Too frequent bathing, however, is decidedly injurious. Although hundreds perhaps suffer for want of bathing, while one is injured by its frequency, yet there is such a thing as making too free use of a good thing. A person may bathe so often as to materially weaken himself in the course of time. Any one must be very filthy to need a bath every day. And if a bath be used every day by one who only needs one once or twice a week, and this course is persisted in for a great length of time, much damage to the system must accrue. Very many, doubtless, have been greatly injured in this way, though that injury may not have been attributed to such a cause.
Too frequent bathing does injury by stimulating the pores of the skin too much. When the skin acts naturally, it constantly throws off, by insensible perspiration or exhalation, a substance which it is necessary the system should part with for the continuance of life and health. When, from any cause, that exhalation is impeded, the system suffers by being oppressed with that which should be thrown off. But if the skin be made too active, it throws off too much -- more than is required, and more than the system can afford to spare: hence the system is gradually weakened. And though years may pass before this undue waste be perceived, yet it will sooner or later discover itself. Not unfrequently has the writer been called to prescribe for debilitated, rickety children, when little else could or needed to he done except to proscribe the use of too frequent baths and washings. Some mothers are so excessively afraid of their little ones being dirty, they will bathe and wash them several times a day. Such a course is liable to be very disastrous, especially when warm water is used. When children are washed for cleanliness, cold water should be used; but even that should not be applied to the whole body so often as every day, if the strength and health of the child be an object.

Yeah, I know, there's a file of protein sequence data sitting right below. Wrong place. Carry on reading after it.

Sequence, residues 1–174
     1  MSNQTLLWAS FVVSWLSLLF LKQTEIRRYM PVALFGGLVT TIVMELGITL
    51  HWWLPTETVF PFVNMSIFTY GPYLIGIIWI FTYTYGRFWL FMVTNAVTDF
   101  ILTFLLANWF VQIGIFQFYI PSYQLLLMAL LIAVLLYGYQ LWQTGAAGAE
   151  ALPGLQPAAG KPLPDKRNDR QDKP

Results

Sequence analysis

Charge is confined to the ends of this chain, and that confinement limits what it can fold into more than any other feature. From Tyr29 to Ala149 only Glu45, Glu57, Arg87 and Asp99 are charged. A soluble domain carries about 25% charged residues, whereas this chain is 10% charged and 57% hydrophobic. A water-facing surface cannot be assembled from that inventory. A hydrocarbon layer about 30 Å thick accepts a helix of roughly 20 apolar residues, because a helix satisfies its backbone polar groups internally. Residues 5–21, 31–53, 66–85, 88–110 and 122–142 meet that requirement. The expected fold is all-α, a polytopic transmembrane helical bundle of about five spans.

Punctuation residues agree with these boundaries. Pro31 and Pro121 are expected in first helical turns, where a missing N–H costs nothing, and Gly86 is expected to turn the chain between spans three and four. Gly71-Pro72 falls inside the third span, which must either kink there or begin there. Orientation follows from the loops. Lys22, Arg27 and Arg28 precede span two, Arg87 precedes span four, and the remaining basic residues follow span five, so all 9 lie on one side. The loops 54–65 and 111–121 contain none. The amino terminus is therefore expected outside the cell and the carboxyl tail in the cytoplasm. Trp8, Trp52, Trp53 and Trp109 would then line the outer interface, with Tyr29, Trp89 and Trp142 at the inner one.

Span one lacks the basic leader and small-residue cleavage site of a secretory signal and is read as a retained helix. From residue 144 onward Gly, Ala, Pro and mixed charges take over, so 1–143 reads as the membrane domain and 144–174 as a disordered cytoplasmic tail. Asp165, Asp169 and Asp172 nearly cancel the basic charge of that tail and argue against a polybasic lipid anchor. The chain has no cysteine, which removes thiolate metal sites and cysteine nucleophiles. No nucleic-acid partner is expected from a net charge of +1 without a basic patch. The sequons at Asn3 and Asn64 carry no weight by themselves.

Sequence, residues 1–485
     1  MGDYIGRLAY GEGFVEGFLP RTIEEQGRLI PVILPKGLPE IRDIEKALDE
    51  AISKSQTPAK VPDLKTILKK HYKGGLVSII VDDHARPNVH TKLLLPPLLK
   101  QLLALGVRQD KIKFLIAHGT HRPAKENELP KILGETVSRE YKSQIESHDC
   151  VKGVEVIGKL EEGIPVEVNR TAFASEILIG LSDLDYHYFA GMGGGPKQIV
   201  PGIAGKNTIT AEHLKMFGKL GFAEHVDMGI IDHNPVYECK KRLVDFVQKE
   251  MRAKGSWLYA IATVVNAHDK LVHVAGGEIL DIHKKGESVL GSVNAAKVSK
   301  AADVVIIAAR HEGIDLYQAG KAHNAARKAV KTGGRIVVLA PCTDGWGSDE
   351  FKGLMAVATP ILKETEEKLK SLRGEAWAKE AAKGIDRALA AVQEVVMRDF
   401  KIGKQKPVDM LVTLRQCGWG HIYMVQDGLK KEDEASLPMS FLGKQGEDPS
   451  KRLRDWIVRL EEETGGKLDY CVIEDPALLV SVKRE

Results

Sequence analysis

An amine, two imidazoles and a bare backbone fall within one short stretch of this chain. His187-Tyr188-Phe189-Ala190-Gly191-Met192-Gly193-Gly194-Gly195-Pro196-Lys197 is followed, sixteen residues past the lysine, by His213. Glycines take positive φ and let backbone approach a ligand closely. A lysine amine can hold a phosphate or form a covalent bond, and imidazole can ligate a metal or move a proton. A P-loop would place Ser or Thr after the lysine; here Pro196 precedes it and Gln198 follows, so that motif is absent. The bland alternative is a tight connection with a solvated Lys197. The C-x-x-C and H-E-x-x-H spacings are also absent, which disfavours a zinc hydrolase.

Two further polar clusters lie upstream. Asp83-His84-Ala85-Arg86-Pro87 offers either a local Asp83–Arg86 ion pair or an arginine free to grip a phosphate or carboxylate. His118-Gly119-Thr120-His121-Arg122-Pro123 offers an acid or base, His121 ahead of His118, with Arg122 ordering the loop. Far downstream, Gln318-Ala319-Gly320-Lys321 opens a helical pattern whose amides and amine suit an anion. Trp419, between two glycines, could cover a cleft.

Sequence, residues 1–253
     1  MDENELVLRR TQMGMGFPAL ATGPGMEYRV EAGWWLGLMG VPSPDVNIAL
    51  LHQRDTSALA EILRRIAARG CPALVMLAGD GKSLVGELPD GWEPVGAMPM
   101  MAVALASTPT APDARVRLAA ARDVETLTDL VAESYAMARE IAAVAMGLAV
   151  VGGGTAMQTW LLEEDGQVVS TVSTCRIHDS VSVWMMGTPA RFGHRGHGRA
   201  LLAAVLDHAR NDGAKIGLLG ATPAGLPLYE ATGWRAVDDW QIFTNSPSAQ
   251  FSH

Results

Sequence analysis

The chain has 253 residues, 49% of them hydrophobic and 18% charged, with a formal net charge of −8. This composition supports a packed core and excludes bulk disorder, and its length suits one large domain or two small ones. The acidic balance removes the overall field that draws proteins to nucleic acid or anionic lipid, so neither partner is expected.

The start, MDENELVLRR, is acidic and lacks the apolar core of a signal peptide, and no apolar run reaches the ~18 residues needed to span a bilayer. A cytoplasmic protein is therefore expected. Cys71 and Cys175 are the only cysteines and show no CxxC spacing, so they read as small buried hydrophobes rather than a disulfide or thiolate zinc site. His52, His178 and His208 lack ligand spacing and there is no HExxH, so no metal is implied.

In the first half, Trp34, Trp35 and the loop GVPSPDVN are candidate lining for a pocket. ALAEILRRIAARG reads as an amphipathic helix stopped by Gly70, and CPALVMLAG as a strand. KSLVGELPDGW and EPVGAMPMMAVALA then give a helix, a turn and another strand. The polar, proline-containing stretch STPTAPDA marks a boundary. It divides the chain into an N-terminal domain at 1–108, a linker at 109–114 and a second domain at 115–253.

A letter has been recently received from the much honored ex-president, John Quincy Adams, answering some inquiries in relation to his experience on bathing, in which he says he has practised it in a variety of forms and ways, "from first to second childhood" -- an "experience during more than three score years and ten." He says, "I continued it until within the last four or five years, when I found it no longer agreeing with my health, but operating rather unfavorably to it. Medical friends, and particularly my very ancient friend, the late Dr. Waterhouse, advised me to disuse it; and my experience confirming his admonitions, I have, with great reluctance, entirely renounced it." He adds, "and I parted from it as from a dear and deeply regretted friend. Though no longer able to enjoy it myself, I can very cheerfully recommend it, not only the practise of bathing, but of swimming, to all my friends under the age when King David could get no heat."
There can be little doubt but that the fascinating luxury of bathing has sometimes led to such an undue use of it, as gradually to waste the physical energies, and induce premature old age. While the system possesses the vigor of youth and manhood, the too great waste of the body can be supplied by its recreative power so effectually that the debilitating effect is not noticed; but when that power of recreation becomes much diminished, the loss becomes more permanent and apparent. Let the young be admonished lest this useful luxury be used intemperately. Other cases have come under observation, where bathing had been extensively practised for years, but as age came on, the system was not able longer to bear the excessive exhalations by insensible perspiration which the practice occasioned.